Sunday, November 25, 2012

Five notable books on love in literature

Ella Berthoud is a bibliotherapist – she recommends books as a form of therapy and prescribes fiction for life’s ailments.

With The Browser's Alec Ash, Berthoud discussed five top books on love, including:
The Enchanted April
by Elizabeth von Arnim

Let’s get stuck into some of those books. Beginning with The Enchanted April.

At the beginning of this book, two women in the 1920s are in a club in Hampstead [London] on a rainy day. They see a newspaper advert: “To those who appreciate wisteria and sunshine. Small medieval Italian castle to be let for the month of April.” Both go off into a reverie, and talk themselves into squandering their nest eggs on a month in this castle. They find two other people to join them – a deeply beautiful heiress called Lady Caroline, and a really annoying older woman.

So off they go to this beautiful castle in Italy, leaving their husbands behind. They all go through different transformations as the castle works its magic on their souls. And they write to their husbands, saying they must come too. One of the husbands is a writer of terrible romantic fiction, and actually comes out there on a totally different mission – to seduce Lady Caroline. But he falls back in love with his wife instead.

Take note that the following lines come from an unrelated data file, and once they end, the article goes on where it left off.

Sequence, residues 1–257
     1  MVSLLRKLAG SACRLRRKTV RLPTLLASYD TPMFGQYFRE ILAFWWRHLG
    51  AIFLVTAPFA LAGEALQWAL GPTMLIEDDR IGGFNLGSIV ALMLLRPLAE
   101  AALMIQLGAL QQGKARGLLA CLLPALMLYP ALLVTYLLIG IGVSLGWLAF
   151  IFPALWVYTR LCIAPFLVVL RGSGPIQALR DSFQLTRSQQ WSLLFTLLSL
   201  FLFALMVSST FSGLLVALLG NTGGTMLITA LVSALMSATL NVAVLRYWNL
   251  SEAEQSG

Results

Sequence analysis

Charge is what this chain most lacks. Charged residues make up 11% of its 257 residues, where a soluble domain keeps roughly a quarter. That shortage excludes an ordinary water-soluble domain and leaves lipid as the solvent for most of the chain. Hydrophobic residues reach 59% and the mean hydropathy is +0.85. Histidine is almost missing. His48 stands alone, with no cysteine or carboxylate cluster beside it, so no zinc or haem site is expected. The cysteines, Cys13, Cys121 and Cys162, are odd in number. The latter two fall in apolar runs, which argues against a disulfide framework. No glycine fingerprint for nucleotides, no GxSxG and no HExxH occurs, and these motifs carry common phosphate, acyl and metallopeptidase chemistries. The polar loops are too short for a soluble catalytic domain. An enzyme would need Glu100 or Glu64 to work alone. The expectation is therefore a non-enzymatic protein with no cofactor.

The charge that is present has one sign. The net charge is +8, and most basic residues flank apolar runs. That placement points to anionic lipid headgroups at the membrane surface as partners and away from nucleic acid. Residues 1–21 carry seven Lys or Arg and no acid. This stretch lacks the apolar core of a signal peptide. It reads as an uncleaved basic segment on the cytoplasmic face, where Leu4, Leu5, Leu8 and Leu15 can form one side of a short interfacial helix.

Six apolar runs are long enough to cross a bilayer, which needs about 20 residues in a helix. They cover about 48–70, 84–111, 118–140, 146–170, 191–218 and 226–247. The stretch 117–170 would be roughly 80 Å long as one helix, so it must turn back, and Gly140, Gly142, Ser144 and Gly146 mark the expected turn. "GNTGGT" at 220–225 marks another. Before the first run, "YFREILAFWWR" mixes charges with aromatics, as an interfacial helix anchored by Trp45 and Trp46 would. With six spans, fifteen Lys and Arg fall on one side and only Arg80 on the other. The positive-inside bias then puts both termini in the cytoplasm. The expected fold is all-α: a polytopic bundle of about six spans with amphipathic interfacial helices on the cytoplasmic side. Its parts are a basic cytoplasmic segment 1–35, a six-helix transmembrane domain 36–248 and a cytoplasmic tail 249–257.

It’s about love rediscovered at a later age?

Yes. If it was written now these women would all be in their late forties, but because it was written in 1922 they’re in their thirties – terribly middle-aged and pastured. They rediscover and rekindle their love for their husbands.

So would you prescribe this book to a married man or woman who feels the romance has dwindled?

That’s exactly the kind of person I would recommend this book to. It gives you renewed hope and faith in a longterm relationship. I would say: Read this book to remember the joy of falling in love with your partner, because that is what happens to these people.

Obviously it’s a fairy tale situation and not very realistic – most of us can’t afford to go to a castle in Italy for a month. But the realism is there underneath, because what the women feel for their absent husbands and vice versa is exactly what people feel now. That we don’t understand or love each other any more. That we don’t seem to have anything in common, or spend any time together. All these things are reawakened in this novel by the beauty of the surroundings, and they see the positives in each other again. It’s a very happy, healing, uplifting tale.

You need a catalyst to relight the spark.

Read about another book Berthoud tagged at The Browser.

--Marshal Zeringue